On the Effects of Social Class on Language Use: A Fresh Look at Bernstein's Theory

Mohammad Aliakbari, Nazal Allahmoradi

Abstract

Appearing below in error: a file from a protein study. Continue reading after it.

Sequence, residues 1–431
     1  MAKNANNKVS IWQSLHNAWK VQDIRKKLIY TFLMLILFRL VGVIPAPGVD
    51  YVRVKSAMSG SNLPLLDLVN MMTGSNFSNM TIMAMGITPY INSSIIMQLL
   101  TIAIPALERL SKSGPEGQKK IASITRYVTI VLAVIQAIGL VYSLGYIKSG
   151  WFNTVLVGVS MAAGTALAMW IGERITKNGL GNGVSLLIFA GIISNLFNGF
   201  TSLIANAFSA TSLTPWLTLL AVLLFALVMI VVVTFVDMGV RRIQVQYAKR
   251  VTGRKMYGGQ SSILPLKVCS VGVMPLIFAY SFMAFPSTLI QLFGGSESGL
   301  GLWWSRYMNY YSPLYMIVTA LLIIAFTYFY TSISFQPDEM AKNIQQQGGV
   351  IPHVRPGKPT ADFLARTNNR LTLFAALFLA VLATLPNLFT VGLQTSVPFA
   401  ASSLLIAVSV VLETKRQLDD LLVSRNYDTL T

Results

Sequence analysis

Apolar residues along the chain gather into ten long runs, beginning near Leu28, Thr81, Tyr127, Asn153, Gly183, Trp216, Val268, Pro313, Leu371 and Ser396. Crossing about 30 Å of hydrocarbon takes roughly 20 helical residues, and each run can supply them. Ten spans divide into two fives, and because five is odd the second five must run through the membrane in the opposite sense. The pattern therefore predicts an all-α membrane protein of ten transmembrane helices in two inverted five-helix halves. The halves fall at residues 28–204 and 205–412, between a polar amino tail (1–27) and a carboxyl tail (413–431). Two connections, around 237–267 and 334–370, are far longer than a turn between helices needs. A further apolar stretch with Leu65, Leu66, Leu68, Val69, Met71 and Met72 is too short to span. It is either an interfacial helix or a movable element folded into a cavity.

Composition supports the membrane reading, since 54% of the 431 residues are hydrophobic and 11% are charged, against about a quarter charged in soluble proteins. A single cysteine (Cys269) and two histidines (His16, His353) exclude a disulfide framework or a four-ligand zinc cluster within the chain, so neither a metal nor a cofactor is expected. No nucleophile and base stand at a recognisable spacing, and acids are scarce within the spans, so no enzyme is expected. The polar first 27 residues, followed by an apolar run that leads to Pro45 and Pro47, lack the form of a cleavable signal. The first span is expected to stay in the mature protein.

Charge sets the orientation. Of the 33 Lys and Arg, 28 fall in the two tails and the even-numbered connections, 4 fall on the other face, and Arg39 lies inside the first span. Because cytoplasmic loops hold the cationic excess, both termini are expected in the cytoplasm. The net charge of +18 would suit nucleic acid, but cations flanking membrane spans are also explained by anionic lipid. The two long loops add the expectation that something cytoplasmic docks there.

Basil Bernstein (1971) introduced the notion of the Restricted and the Elaborated code, claiming that working-class speakers have access only to the former but middle-class members to both. In an attempt to test this theory in the Iranian context and to investigate the effect of social class on the quality of students language use, we examined the use of six grammatical categories including noun, pronoun, adjective, adverb, preposition and conjunction by 20 working-class and 20 middle-class elementary students. The results of Chi-square operations at p<.05 corroborated Bernstein’s theory and showed that working- class students were different from middle-class ones in their language use. Being consistent with Bernstein’s theory, the results obtained for the use of personal pronouns indicated that middle-class students were more person-oriented and working-class ones more position-oriented. Findings, thus, call for teachers' deliberate attention to learners’ sociocultural variation to enhance mutual understanding and pragmatic success.


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